You have to pay attention to how you are registered while being away. 

  • If you are away less than six months, you can keep your address in Denmark. Though, it requires that you still have the right of disposal to your housing here in Denmark. If you do not have right of disposal, you can contact your municipality via to have them assess your situation.
  • If you are away more than six months, you must contact SKAT and CPR and move out of Denmark. International students – your Danish residence permit will lapse if you have no address in Denmark. Contact Danish Agency for Labour Retention and International Recruitment to have them assess your individual situation.


Go to and contact your local municipality.

Tax rules are complicated. Therefore, it is a good idea to read through SKAT's webpage on moving abroad and possibly contact the tax authorities before departure to have them assess your individual situation regarding taxes and income. 

It is important that you look into the visa requirements for your study abroad destination. If you are Danish or European citizen, you only need a visa if you are studying abroad outside of the EU. In most cases the visa process is relatively smooth.

If it is necessary for you to apply for a visa, make sure you look into the requirements at an early stage. You often need e.g. an admission letter from the partner university. Normally, you apply for the visa at the embassy of the relevant country and you have to cover potential expenses yourself.

 Applying or the visa is your responsibility. If there are any problems in connection with visa or residence permit, the IT University cannot be held accountable.

For further information, please contact the embassy or consulate of the host country or look at the Foreign Ministry’s website.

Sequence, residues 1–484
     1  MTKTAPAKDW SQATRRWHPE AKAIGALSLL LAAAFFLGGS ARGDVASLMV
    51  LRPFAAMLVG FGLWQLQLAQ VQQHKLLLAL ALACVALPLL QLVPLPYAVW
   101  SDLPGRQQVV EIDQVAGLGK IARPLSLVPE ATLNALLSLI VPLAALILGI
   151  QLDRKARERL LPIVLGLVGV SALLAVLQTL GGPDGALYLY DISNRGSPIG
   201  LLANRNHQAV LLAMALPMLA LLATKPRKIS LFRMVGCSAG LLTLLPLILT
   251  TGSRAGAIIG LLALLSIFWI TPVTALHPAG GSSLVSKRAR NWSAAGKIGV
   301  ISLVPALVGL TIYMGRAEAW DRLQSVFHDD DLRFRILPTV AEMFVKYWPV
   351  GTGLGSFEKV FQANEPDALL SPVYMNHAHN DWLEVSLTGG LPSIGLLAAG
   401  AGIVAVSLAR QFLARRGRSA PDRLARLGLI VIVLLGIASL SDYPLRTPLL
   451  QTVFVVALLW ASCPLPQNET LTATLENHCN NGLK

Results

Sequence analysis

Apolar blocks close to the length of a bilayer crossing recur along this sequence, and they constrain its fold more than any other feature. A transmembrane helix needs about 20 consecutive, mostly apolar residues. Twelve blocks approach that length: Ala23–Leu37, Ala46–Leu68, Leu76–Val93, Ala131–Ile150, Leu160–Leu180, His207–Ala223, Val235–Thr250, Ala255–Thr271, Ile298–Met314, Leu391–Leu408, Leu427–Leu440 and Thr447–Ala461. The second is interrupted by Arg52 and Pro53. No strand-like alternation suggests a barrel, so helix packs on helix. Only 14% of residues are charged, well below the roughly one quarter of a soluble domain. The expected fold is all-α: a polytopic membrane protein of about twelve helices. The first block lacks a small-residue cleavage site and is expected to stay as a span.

This is a very important area of planning a stay abroad. Make sure you are fully covered regarding health, personal liability and accidents when you leave Denmark. You are responsible for your own insurance coverage. Be aware of the following:

  • You are NOT covered by the National Health Service medical card (gult sygesikringsbevis), and you must therefore make sure that the insurances you take out cover the entire stay abroad (from departure to the arrival home).
  • If you have insurance already, you should check the extent of your insurances. It is often necessary to take out additional insurances (concerning both health insurance and public liability insurance/household insurance). 
  • If you are studying abroad in a European country, you must acquire The European Health Insurance Card (blåt sygesikringsbevis). Note that the card is not an insurance, e.g. it does not cover repatriation in case of serious illness, so it is important to look into a private insurance too.
  • In some cases, the host university require you to take out a specific insurance. It is important that you are aware of what that insurance covers and if it is necessary to take additional insurance.
  • If you deregister in the CPR register, you risk being left of the public healthcare system for a period. Contact your local municipality before you deregister to learn if you are covered from the first day you are back in Denmark.